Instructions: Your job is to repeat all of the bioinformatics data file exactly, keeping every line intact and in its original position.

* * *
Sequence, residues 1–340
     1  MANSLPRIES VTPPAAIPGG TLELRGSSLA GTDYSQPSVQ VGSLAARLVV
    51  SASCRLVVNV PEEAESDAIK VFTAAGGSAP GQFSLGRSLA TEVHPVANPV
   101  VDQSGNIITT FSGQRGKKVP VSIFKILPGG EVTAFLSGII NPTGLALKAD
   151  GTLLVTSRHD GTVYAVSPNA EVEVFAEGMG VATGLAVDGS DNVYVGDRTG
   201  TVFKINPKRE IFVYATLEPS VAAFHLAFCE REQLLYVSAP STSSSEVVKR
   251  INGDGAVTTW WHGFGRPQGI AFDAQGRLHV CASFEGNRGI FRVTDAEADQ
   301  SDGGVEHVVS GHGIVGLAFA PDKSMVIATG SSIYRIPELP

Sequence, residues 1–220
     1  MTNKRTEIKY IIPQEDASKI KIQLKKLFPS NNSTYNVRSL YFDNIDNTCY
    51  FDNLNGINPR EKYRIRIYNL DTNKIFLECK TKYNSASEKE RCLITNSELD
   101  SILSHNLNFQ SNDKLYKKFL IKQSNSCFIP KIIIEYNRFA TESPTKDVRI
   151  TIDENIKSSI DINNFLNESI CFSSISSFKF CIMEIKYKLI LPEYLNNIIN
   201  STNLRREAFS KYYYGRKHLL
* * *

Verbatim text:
Sequence, residues 1–340
     1  MANSLPRIES VTPPAAIPGG TLELRGSSLA GTDYSQPSVQ VGSLAARLVV
    51  SASCRLVVNV PEEAESDAIK VFTAAGGSAP GQFSLGRSLA TEVHPVANPV
   101  VDQSGNIITT FSGQRGKKVP VSIFKILPGG EVTAFLSGII NPTGLALKAD
   151  GTLLVTSRHD GTVYAVSPNA EVEVFAEGMG VATGLAVDGS DNVYVGDRTG
   201  TVFKINPKRE IFVYATLEPS VAAFHLAFCE REQLLYVSAP STSSSEVVKR
   251  INGDGAVTTW WHGFGRPQGI AFDAQGRLHV CASFEGNRGI FRVTDAEADQ
   301  SDGGVEHVVS GHGIVGLAFA PDKSMVIATG SSIYRIPELP

Sequence, residues 1–220
     1  MTNKRTEIKY IIPQEDASKI KIQLKKLFPS NNSTYNVRSL YFDNIDNTCY
    51  FDNLNGINPR EKYRIRIYNL DTNKIFLECK TKYNSASEKE RCLITNSELD
   101  SILSHNLNFQ SNDKLYKKFL IKQSNSCFIP KIIIEYNRFA TESPTKDVRI
   151  TIDENIKSSI DINNFLNESI CFSSISSFKF CIMEIKYKLI LPEYLNNIIN
   201  STNLRREAFS KYYYGRKHLL